Image for - Effect of Mercury on Growth, Anatomy and Physiology of Four Non-edible Oil-producing Species
Fig. 3:
Leaves MDA content of 4 plant species subjected to Hg treatment at the concentration of 0, 0.5, 1, 2 and 3 mM Mean+SE of DMRT test at α of 5%, n = 3

The MDA level in J. curcas and R. trisperma was only increase 2.2 and 1.6 times higher respectively than control plants.

Chlorophyll content analysis: Mercuric treatments dramatically influenced chlorophyll content of all the species (Fig. 4). At the control plants chlorophyll content of R. trisperma was the highest, followed by M. azedarach, while it was quite low in R. communis and J. curcas (less than half compared to that in R. trisperma). The increase of Hg concentration caused a significant decrease in the total chlorophyll content in the leaves of all the species. R. trisperma and M. azedarach underwent the highest chlorophyll content reduction due to Hg treatments, while J. curcas was the lowest (Fig. 4). Under the highest Hg treatment (3 mM of Hg), M. azedarach plants had the highest total chlorophyll content followed by R. trisperma, while R. communis and J. curcas had the lowest, even though not significantly different from that of R. trisperma (Fig. 4). The total chlorophyll content of the leaves at 3 mM treatment decreased up to around 45.26-72.69% compared to that of control plants with the smallest decrease found in J. curcas and the biggest decrease in R. trisperma plants (Fig. 4).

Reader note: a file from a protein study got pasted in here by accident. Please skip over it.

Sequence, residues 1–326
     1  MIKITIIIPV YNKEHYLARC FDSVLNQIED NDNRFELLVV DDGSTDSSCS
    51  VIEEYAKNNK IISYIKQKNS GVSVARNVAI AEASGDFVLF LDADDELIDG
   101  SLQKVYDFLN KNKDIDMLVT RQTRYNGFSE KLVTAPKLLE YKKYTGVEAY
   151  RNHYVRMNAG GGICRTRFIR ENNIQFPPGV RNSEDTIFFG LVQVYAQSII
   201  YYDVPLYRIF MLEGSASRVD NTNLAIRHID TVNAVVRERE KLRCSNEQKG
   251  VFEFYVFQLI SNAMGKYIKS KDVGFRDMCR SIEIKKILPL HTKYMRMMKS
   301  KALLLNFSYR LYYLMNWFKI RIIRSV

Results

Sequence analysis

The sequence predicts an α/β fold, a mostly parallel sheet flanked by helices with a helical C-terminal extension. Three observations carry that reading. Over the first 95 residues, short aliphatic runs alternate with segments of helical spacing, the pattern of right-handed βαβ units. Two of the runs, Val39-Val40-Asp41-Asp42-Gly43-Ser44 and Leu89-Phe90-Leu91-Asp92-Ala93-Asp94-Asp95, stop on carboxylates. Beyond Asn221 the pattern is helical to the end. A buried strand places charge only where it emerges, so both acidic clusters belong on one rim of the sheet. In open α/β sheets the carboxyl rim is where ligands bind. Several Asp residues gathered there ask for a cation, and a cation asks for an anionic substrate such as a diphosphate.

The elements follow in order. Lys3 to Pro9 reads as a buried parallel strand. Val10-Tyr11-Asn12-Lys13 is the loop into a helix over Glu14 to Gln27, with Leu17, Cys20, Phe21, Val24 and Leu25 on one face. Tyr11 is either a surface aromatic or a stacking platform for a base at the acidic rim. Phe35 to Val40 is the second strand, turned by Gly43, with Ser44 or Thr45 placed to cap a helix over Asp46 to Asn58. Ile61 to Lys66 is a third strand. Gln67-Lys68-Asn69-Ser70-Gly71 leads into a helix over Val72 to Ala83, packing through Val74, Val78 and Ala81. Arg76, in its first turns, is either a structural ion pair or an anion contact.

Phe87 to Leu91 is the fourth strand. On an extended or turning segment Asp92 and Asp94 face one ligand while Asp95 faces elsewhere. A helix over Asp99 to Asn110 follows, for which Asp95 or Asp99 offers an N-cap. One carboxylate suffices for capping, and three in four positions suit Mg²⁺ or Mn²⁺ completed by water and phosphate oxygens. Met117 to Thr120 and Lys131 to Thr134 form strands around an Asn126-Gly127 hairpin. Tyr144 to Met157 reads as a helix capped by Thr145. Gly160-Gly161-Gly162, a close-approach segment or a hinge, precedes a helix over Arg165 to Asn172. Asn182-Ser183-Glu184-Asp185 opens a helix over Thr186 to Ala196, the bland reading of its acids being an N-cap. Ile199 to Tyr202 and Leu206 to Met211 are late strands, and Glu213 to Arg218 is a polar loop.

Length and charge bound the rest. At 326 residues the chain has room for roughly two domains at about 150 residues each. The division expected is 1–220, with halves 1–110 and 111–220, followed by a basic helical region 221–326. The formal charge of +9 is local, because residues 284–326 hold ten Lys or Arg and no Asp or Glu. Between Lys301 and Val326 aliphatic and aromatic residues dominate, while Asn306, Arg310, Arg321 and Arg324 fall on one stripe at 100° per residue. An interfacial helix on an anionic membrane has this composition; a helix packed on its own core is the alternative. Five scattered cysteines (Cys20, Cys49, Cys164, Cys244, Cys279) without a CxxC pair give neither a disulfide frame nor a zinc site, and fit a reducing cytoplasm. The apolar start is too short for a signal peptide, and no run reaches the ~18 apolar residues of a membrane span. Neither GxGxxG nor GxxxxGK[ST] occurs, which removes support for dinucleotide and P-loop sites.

There was a very strong negative relationship between MDA and chlorophyll contents in response to mercuric exposure, with the value of coefficient correlation more than 80% (Fig. 5). Among the 4 species, R. trisperma had the steepest curve while the other three had only gentle curve. The lowest correlation between MDA and chlorophyll content showed by R. communis where R2 value was only 0.83, while the other species had R2 value more than 0.95 (Fig. 5).

Principle component analysis of all parameters: The principle component analysis (PCA) was used to distinguish the tolerance level of the 4 species (M. azedarach, R. communis, J. curcas and R. trisperma) to mercuric treatment, even though from the observation, all the 4 species were relatively tolerant to the mercury. The parameters that were analyzed consisted of increased leaves number (ILN), leaf width (LW), shoot dry weight (SW), root dry weight (RW) and total leaf chlorophyll content (CHL). PCA analysis was carried out to discriminate cumulative responses of individual species toward Hg treatment using two-dimensional score plot and biplot.

Image for - Effect of Mercury on Growth, Anatomy and Physiology of Four Non-edible Oil-producing Species
Fig. 4:
Leaf total chlorophyll content of 4 species treated with Hg at the concentration of 0, 0.5, 1, 2 and 3 mM for 21 days
Mean+SE of DMRT test at α of 5%, n = 3

From the analysis it was found that the 4 species were divided into 2 groups based on their response toward Hg treatment (Fig. 6). The R. trisperma and M. azedarach was categorized as more tolerant to Hg, while R. communis and J. curcas were categorized as less tolerant to mercuric treatments (Fig. 6).